Sometimes the distinction between a hobby and a business can be confusing when you want to determine the nature of your income-generating activities.

It is important to establish whether you have a hobby or a business as each classification has different regulatory and tax implications. What might have started as a hobby can turn into a business, sometimes without you realising the point of transition from one to the other. If the ATO identifies you as a business, and you did not declare your income, you could end up with an unexpected hefty tax bill. Worse still, a penalty for not reporting your income correctly may apply.

 

What is a hobby?

 

A hobby typically refers to an activity we do for enjoyment in our spare time, regardless if we make money from the activity or not. There is no intention for you to make an income from a hobby. The benefit of being a hobby is that you do not have to meet the ATO’s reporting obligations. But this also means that the option to deduct your hobby-related expenses is not available to you. Also, losses incurred from your hobby are not deductible against other taxable income.

 

What is a business?

 

If the activities you carry out are commercial and your main purpose is to make a profit, you’re running a business. A business has to meet reporting obligations. The ATO expects businesses to declare their income.

There are benefits to running a business as opposed to a hobby. Businesses are allowed to register for an ABN. With an ABN, it means you can also register for an Australian domain (.com.au). You can build and promote your brand when selling to your customers. The ATO also allows you to claim tax deductions on your business-related expenses.

 

Is what you’re doing a hobby or a business?

 

It is important to work out whether you are indeed carrying on a business or a hobby for tax and legal implications. Answering the questions below can help you decide.

  1. Is the main intention of your activities to make a profit?
  2. Do you sell items for more than they cost to make or purchase?
  3. Are the activities regular?
  4. Do you manage your activities like a business? For example, you have systems and processes for doing things or pay for advertising and marketing.
  5. Do you have a business name and an ABN?
  6. Do you have a separate bank account?
  7. Do you look like a brand?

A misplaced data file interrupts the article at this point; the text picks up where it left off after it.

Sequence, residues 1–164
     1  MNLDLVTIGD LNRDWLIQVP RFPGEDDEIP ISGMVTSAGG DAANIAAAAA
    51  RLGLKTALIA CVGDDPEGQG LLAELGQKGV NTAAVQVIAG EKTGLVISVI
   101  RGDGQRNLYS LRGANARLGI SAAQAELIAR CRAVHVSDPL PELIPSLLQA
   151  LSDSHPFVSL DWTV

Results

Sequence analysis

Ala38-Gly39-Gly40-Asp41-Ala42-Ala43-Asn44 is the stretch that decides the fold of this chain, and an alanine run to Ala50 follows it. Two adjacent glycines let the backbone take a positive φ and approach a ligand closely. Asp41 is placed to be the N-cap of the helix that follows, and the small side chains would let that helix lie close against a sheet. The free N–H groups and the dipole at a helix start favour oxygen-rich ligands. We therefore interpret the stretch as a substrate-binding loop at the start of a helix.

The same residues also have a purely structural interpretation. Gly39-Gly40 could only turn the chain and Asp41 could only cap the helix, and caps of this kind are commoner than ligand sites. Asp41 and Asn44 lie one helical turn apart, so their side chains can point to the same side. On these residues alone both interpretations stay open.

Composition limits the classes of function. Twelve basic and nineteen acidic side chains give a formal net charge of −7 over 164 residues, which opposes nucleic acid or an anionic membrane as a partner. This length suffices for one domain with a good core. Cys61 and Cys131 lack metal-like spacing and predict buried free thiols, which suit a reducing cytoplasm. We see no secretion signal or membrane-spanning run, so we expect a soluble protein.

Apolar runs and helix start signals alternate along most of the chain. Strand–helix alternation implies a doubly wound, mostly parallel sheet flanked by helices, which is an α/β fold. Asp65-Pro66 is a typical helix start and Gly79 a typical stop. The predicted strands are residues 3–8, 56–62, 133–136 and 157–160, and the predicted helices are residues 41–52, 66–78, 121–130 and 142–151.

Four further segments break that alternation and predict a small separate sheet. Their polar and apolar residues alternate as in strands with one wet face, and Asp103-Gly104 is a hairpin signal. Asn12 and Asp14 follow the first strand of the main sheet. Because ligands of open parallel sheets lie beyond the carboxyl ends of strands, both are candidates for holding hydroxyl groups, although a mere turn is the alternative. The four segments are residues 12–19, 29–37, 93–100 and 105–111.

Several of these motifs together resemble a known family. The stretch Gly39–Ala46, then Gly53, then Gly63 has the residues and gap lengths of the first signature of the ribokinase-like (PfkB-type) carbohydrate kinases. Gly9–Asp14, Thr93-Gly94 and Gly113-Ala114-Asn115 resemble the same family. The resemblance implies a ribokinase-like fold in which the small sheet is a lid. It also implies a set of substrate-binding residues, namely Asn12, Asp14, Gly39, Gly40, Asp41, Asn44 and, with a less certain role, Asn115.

Monetary value does not determine whether an activity is a hobby or a business. There are some expensive hobbies that people partake with no intention of making money.

There is no set rule to determine exactly when your hobby turns into a business. But if you’ve answered yes to most of the above questions, the ATO is more likely to see you as a business.

 

What about selling online?

The same questions can help you determine if your online selling activities are a hobby or a business. If you’ve paid for your online presence such as your online shop, have a logo, and expect to make a profit, then you are a business.

If you simply sell off your unused or second-hand items, and this is not a regular activity, you are not a business.

If you are still confused as to whether you are a hobby or business, you can head to the online tool from Business.gov.au to help you or speak to your tax professional for clarification.

 

What are the legal and tax implications of hobby vs business?

 

You do not need to report the income you made from your hobby to the ATO. It’s a good idea to review your activities regularly to make sure you are still a hobby and have not transitioned to being a business unintentionally.

If you are a business, you’ll need to register for an ABN and may be required to register for GST if the annual income is more than $75,000. Your tax obligations will vary depending on your business structure. There are 4 types of business structures in Australia. They include:

  1. Sole trader – this is where an individual owns the business. The income generated from a sole trader business is included in the personal tax return.
  2. Partnership – two or more people own the business. The profits, as well as losses, are shared. A separate tax return is lodged.
  3. Trust – this is a separate entity that controls the business and operates the business to benefit someone else. A separate tax return must be lodged.
  4. Company – this is a separate entity from its shareholders. The company must lodge a company tax return.

 

It’s important to remember that if you are running a hobby and sell to other businesses, you need to let the business know that you are operating as a hobby. If you don’t, they will withhold 49% of your payment for tax purposes.

For some businesses, you may need permits and licences. For example, cooking from your home kitchen to sell homemade foods would require approval from your local council.

Whether you are operating as a hobby or business, the team at Moiler has experience in managing personal and business tax. Contact the team at Moiler and let us handle your tax matters so you can continue to do what you love.

 

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